Traceability to help Newfoundland tell its unique story to the world

The world will now be able to find out if their seafood came from such colourfully named places as Black Duck Brook, Cow Head, Spirity Cove, Shag Island and a place simply known as The Bank. These are only a few of the 80 Newfoundland fishing ports where traceable Atlantic halibut and lobster will come ashore this spring and summer. Read more here    This Fish website here  14:47

Japanese all in on Newfoundland’s $4.95 crab price after huge struggle

Japanese buyers finally accepted en masse an FOB snow crab price of $4.95 (US dollars) from Newfoundland in Canada. At the end of last week, buyers who had resisted accepting that price came around and signed contracts. Read more here  21:00

Fink forecasts end of seal industry

Sheryl Fink is forecasting the demise of the seal industry, but how that happens should be determined by Newfoundlanders and Labradorians.  “It’s not for a group like (International Fund for Animal Welfare) or Pam Anderson or anybody else to sort of provide the solution,” the wildlife campaigns director for IFAW Canada said during an interview at The Western Star in Corner Brook Tuesday. Read more here westernstar  09:46

Shea’s science

863a4ac9dc_64635696_o2Things have never been so weird as they are right now. Pam Anderson, the First Lady of Ladysmith, proud possessor of a silicon valley of world renown, joins Sam Simon, the cancer riddled co-creator of the Simpsons, to jet to Newfoundland and offer Newfie sealers,, Read more here  10:52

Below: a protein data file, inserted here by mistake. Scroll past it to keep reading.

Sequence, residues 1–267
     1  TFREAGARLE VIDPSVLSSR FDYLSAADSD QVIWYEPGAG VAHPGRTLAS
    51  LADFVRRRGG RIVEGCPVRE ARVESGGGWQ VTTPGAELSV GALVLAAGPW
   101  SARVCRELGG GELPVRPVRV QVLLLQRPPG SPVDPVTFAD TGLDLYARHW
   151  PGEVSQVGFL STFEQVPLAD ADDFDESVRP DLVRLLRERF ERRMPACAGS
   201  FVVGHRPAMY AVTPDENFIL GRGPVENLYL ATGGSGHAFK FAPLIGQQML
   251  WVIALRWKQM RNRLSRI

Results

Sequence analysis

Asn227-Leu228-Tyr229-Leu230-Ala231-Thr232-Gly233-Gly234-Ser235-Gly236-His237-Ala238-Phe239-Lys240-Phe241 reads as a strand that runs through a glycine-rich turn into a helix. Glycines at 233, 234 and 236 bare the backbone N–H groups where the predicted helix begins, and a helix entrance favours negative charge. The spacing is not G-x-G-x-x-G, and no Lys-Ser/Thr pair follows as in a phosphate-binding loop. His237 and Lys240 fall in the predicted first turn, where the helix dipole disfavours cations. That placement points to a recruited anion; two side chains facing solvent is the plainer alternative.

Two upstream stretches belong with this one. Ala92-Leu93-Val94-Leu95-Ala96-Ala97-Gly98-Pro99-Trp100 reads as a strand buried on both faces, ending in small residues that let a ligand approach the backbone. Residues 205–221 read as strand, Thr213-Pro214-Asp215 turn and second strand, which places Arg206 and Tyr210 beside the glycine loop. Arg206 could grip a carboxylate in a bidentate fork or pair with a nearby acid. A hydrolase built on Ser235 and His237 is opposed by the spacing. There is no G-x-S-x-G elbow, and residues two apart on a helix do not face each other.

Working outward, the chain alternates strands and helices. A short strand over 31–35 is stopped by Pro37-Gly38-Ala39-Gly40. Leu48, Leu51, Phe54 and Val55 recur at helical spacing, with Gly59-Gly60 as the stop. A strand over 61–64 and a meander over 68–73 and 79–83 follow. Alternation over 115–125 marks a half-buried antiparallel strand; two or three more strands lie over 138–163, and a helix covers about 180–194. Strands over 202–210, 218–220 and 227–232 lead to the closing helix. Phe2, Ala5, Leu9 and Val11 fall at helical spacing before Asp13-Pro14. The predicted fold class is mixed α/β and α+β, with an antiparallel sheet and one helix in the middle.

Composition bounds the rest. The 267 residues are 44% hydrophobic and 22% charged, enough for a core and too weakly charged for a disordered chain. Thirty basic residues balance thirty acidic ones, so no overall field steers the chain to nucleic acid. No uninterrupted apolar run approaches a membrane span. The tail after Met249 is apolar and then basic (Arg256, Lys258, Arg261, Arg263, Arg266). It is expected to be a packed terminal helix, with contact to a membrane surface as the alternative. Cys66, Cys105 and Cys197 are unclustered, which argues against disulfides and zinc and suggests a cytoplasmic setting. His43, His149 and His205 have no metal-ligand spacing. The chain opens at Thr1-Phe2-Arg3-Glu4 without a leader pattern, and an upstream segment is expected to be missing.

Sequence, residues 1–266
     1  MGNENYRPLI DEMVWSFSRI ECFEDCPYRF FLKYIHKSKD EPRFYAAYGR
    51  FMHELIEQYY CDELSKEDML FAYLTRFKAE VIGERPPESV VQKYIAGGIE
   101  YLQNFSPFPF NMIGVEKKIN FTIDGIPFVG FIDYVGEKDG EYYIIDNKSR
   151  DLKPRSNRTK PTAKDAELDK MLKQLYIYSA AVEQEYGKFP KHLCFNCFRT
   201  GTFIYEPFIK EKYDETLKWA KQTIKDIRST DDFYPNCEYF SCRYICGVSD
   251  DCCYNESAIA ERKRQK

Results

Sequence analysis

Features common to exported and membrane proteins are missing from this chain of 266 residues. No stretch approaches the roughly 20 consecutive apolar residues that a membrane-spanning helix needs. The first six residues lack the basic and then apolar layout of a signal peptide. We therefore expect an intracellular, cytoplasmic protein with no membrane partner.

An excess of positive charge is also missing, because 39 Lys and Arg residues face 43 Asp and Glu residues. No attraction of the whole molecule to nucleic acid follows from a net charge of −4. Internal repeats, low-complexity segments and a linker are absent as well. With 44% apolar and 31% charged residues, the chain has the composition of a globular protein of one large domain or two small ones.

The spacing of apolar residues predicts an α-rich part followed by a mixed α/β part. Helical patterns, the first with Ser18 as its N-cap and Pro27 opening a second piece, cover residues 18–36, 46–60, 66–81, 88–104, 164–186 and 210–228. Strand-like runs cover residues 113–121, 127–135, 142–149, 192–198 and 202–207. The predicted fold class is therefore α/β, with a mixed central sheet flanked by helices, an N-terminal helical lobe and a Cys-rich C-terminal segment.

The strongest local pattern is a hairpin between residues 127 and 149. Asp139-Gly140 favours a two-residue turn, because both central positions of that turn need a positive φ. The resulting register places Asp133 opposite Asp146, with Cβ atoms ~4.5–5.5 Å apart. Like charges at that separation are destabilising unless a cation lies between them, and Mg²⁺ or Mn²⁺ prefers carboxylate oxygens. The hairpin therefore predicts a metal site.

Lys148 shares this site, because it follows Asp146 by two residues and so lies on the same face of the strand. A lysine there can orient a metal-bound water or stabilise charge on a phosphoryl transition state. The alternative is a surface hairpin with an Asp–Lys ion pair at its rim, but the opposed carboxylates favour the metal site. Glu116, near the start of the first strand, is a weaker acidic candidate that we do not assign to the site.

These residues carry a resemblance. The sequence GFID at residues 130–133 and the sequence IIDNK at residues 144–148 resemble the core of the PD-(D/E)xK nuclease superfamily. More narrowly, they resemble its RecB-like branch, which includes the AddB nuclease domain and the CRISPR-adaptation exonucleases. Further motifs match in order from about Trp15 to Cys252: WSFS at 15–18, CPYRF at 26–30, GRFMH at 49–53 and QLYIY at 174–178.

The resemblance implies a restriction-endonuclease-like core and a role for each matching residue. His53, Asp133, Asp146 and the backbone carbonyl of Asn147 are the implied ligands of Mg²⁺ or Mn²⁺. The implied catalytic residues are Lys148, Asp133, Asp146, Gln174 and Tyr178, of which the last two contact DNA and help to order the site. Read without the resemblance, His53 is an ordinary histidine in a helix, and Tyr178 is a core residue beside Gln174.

A Sustainable Natural Resource: Newfoundland launches seal-industry campaign as Ottawa appeals WTO ruling

Hutchings said there are now an estimated eight million seals in the region, taking an uncertain toll on cod and other fish stocks. “Just looking at one species like the animal welfare groups do, I’d certainly welcome a look at the whole ecosystem and how they can support us in supporting that ecosystem.” Read more here  19:16

Exploring aquaculture on Newfoundland’s south coast

Check out the videos above as CBC’s Mark Quinn takes a closer look at farming on the south coast of the island, and the ups and downs the industry is experiencing. [email protected] 09:22

“They’ll eat anything.” Newfoundland – The green crab invasion